Universal tried and failed miserably to make a cinematic universe out of their original Universal Monsters. The supposed “Dark Universe” all started with Tom Cruise’s The Mummy. It led to one of the most publicized photos in horror history with this portrait.
Now this portrait was a final gasp from Universal. It was a very clever fake image photoshopped to give the idea that everything was all together. The Mummy was destined for failure because of meddling by it’s star Tom Cruise, and just not being a very good movie. The original plan was for all these Monsters (Dr. Jekyll, The Mummy, Frankenstein’s Monster, The Invisible Man, and whatever Tom Cruise does) to come together. It would be the big blowout plan for Universal to get their monsters all together. Except they forgot a couple things. Cinematic universes need incredibly strong movies at the beginning. Go take a look at Marvel. You wouldn’t have the whole shebang of today with Avengers: Endgame without Iron Man.
So Universal ended up blowing up their whole operation before it really started. We never got a look at Russell Crowe’s Dr. Jekyll. The Invisible Man got “remade” by Blumhouse instead of with Johnny Depp. The over 40 male stars brigade never materialized. So what are we left with?
Well we’re left with the original Universal Monsters and the hope for a better tomorrow. That hope comes from watching these original films and realizing how simple, yet masterful, they all are.
The Simplicity Of The Universal Monster Films Is A Strength
From the very first film, Phantom of the Opera starring Lon Chaney, you had a simplistic quality that make these Universal films feel like dreams. That feeling is what gives the Universal Monsters their power. When you take them and add an overflowing budget, gargantuan special effects, and quite frankly, A-list actors, you take a lot away from that. The fact that Boris Karloff was buried under all the Frankenstein makeup is what made that role special. It was a speechless role that he nailed. Same thing with Bela Lugosi and Dracula.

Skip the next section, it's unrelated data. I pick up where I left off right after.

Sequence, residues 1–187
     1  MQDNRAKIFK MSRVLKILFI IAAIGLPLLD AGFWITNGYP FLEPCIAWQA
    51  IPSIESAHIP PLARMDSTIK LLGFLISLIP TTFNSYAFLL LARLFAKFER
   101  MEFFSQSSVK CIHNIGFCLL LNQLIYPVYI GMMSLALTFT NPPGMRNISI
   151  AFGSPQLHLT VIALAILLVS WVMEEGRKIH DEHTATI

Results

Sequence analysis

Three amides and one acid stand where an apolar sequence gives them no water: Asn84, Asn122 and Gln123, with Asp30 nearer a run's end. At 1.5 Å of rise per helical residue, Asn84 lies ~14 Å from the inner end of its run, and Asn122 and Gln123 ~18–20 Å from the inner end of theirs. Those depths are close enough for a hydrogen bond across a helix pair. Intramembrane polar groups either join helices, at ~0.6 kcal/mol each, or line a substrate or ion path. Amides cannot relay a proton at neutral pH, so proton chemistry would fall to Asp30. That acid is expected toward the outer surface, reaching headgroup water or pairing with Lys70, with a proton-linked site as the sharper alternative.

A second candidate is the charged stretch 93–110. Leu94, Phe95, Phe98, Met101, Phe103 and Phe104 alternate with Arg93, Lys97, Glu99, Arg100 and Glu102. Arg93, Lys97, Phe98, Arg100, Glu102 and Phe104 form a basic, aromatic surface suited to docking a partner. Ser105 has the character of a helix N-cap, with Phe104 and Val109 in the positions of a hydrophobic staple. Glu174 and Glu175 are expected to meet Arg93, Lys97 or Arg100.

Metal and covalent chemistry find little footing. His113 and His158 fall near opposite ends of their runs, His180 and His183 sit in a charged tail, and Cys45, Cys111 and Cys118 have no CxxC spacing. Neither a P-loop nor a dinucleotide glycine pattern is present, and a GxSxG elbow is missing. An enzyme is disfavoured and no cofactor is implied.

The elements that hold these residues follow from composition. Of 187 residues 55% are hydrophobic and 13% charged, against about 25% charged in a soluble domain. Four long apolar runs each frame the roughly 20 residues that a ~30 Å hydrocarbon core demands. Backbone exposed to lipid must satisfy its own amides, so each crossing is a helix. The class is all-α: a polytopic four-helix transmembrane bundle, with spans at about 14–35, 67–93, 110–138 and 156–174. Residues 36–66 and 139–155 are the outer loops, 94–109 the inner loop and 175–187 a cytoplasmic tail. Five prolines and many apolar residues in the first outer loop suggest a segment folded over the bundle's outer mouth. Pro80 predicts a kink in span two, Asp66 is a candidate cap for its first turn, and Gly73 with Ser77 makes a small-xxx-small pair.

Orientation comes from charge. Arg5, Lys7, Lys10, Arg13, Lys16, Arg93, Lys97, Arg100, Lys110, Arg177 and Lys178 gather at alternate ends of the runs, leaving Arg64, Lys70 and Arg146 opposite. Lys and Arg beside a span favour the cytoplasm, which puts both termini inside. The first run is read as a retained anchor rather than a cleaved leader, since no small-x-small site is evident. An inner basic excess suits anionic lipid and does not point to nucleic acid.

Dracula was a very early “talkie”. So the film runs halfway between a sound picture and a silent picture. There are long stretches of silence with only ambient sound for the audience. The films might seem tame and even unspectacular to today’s audiences, but they add something to horror that’s missing these days. You’re missing simplicity. For so long, your horror film had to go over the top of others. Why do you think that original films in series are always considered the best? They have nothing to prove. The original A Nightmare On Elm Street was just about the idea of a killer being able to get you in your dreams. It’s a simplistic concept that made for a great franchise.
Movies now, have to contend with the fact that in most cases, real-life is scarier than anything you can put on film. While I’m expecting a biblical style flood of “pandemic” movies coming in the very near future, that’s going to be the avenue that they go for. Which “plague” movie is going to be able to top one another. The old adage of “keep it simple, stupid” fits perfectly.
Why Blumhouse Succeeds In Today’s Horror
These movies by Blumhouse that are sweeping the horror-verse are simple. That’s why. They have relatively low budgets and they all seem to have great filmmakers that are getting first-time shots at directing or writing. With success like that means that the bigger fish in the film industry come calling. If you can make a movie on a $10 million budget that grosses $50 million, that’s less of a risk than the bloated budgets of the “Dark Universe” films. I have complete confidence that Blumhouse’s Invisible Man was a better film than a Universal Johnny Depp Invisible Man would have been.
Bringing back the dreamlike, almost silent era might be impossible these days. Movies like Frankenstein, Dracula, The Wolfman, and The Phantom of the Opera are all time capsules of filmmaking of that era. But any decent horror fan knows that these films deserve a proper respect. And not just a big overbudget action fest like we got with The Mummy.
Look to the youth of today’s filmmakers instead of the old guard and you might just find some horror inspiration.
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